Stack Overflow is a community of 4.7 million programmers, just like you, helping each other.

Join them; it only takes a minute:

Sign up
Join the Stack Overflow community to:
  1. Ask programming questions
  2. Answer and help your peers
  3. Get recognized for your expertise

i am trying to generate a random number within a range from -1 to 6, but for every time I generate a random number the probability of getting a number in the range is given by a percentage. For example, in a list of percentages, the first percentage has the probability of generating a 6, the second percentage has the probability of generating a 5, and so on. The numbers must must be generated randomly. I am trying to code this in C. Thank you for your ideas.

share|improve this question
To the VTC-ers. This is actually a quite common thing (the opposite of too localised), although it is described in a bit of a convoluted manner. – bitmask Apr 12 '12 at 20:28

You could get a random number between 0 and 100 and check what percentage range that falls in and assign the corresponding value to it.

For example:

    0 - 5  : -1
    5 - 25 :  0
    25 - 31:  1
    31 - 48:  2
    48 - 50:  3
    50 - 75:  4
    75 - 87:  5
    87 - 100: 6


To implement this you would need one or two arrays, one that stores the percentage boundaries (meaning 5, 25, 31, 48, 50, 75, 87 in this case) and another array that stores the output values (if the outputs are completely random, here where they are sequential you wouldn't need a second array).
Then you get call rand() * 100.0 / RAND_MAX to get a random float between 0 and 100 or rand() % 100 + 1 for a random int between 0 and 100.

With this you can use a binary search method to find what percentage range this corresponds to in O(log n) time. With the index you find the corresponding output (either via an array or a function)

share|improve this answer
I actually did something like this but i taught i was doing it wrong..but thanks for clarifying it for me – user1319817 Apr 12 '12 at 20:29

Is this a homework assignment? I'm going to assume not, for the sake of having faith in humanity ;)

So I mean, all your percentages should add up to 100 right? You could generate a number between 0 and 100, and see which bracket it falls into.

i.e. If your percentages are [10,20,35,15,10,10]

Then the first bracket is "< 10" so any number generated under 10 yeilds a 6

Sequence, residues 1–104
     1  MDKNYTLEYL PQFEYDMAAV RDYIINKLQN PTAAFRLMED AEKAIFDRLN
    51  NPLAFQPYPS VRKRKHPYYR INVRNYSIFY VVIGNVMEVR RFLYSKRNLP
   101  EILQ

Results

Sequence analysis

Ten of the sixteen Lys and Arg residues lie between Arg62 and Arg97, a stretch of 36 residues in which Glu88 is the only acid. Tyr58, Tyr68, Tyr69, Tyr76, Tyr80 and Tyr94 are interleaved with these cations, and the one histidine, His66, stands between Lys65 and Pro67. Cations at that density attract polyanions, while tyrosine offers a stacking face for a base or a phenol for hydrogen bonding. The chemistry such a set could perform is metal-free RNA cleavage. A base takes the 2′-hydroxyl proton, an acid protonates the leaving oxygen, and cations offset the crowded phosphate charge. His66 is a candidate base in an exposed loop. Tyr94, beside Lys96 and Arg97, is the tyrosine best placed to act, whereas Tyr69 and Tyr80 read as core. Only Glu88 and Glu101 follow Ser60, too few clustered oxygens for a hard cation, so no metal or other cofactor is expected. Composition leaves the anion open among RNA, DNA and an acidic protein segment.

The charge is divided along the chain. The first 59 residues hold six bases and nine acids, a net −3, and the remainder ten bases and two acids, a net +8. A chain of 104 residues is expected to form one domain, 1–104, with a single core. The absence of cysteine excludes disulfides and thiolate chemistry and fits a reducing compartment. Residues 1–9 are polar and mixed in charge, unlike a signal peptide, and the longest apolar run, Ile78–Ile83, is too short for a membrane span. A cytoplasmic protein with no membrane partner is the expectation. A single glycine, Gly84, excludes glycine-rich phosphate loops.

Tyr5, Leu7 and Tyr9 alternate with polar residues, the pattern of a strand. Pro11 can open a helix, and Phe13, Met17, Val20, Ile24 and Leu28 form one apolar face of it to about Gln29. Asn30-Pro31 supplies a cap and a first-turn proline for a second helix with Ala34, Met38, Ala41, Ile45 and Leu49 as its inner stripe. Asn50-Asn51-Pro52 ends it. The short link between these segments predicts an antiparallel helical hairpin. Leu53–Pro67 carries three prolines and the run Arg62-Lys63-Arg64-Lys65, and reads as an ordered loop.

x < 10 --> 6
10 <= x < (10+20) --> 5
(10+20) <= x < (10+20+35) --> 4
(10+20+35) <= x < (10+20+35+15) --> 3

etc. You'd want to generate a random float between 1 and 100 to satisfy precice percentages like 11.9 for instance.

share|improve this answer
no its not a home work assignment ;) I was just try to make a simple text based game. Thanks for the input :) – user1319817 Apr 12 '12 at 20:34

Make an array to have 100 elements, fill it with -1 to 6, depends on how much weight each needs. for example, if you need -1 to have 15% hit, you fill 15 elements with -1. now generate a random number from 1 to 100, and simply look up the array, you get the actual results weighted.

share|improve this answer
that doesn't work for decimal percentages, like 0.5% – GuyGreer Apr 12 '12 at 21:10
since he is doing a text base game, I think integer percentage suffice, unless he says otherwise. This should also give good performance for high frequency use. – pizza Apr 12 '12 at 21:34
Agreed, I didn't mean your method was invalid, just that there is a caveat – GuyGreer Apr 12 '12 at 22:28

I'm sure there are other, probably better, ways of doing this, but what comes to mind is this: Create an array containing appropriate copies of each number (-1 to 6) according to your percentages. Then randomly pick an element in the array.

share|improve this answer
This works if the percentages are integers, for percentages like 0.5% this wouldn't work – GuyGreer Apr 12 '12 at 20:28

I think the easiest way to do that is to consider the following analogy:

If you have a line [0,1], you can think that generating a number from 1 to 4 is equivalent to split the line in 4 segments, S_1 = [0,1/4], S_2 = [1/4,2/4], S_3 = [2/4,3/4], S_4 = [3/4,1]. That way, when you generate a number from [0,1], if it falls on the segment S_i, the generated number is i.

If you want to assign different probabilities to each number, say p_i, them you just have to divide the segment in different sizes, according with p_i.

For example, for 1 with p_1 = 0.1, 2 with p_2 = 0.4, 3 with p_3 = 0.2 and 4 with p_4 = 0.3 you can use the segments S_1 = [0,p_1], S_2 = [p_1,p_1+p_2], S_3 = [p_1+p_2,p_1+p_2+p_3] and S_4 = [p_1+p_2+p_3,p_1+p_2+p_3+p_4]

Then you generate a uniform random number on [0,1], and test whether it fell in S_i.

share|improve this answer
You have a good point. This is very similar to my solution, but the range could actually by any range you want to use I suppose, as long as the ratios are correct. Setting ranges between 0 and 1 is nice if your percentages and random number generator are already in that range. – mltsy Apr 12 '12 at 20:36

Your Answer


By posting your answer, you agree to the privacy policy and terms of service.

Not the answer you're looking for? Browse other questions tagged or ask your own question.